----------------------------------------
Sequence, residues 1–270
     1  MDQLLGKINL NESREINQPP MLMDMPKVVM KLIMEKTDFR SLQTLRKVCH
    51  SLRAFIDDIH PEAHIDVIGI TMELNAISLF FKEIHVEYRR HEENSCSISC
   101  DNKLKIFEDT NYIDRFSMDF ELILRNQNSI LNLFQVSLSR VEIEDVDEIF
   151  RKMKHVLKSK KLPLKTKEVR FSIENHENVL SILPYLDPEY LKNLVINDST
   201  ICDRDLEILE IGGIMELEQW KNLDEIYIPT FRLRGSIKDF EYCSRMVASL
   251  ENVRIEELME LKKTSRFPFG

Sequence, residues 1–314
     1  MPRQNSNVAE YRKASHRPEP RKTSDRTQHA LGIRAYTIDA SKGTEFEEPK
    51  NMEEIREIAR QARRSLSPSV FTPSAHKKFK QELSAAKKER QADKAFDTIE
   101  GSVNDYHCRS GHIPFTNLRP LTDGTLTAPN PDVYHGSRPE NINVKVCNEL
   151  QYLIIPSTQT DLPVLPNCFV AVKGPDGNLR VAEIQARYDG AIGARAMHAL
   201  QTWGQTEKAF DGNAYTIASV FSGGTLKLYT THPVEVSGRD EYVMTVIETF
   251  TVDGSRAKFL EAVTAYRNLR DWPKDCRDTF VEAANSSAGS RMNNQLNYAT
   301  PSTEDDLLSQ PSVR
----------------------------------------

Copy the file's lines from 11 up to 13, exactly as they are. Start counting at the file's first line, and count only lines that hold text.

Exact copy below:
   101  GSVNDYHCRS GHIPFTNLRP LTDGTLTAPN PDVYHGSRPE NINVKVCNEL
   151  QYLIIPSTQT DLPVLPNCFV AVKGPDGNLR VAEIQARYDG AIGARAMHAL
   201  QTWGQTEKAF DGNAYTIASV FSGGTLKLYT THPVEVSGRD EYVMTVIETF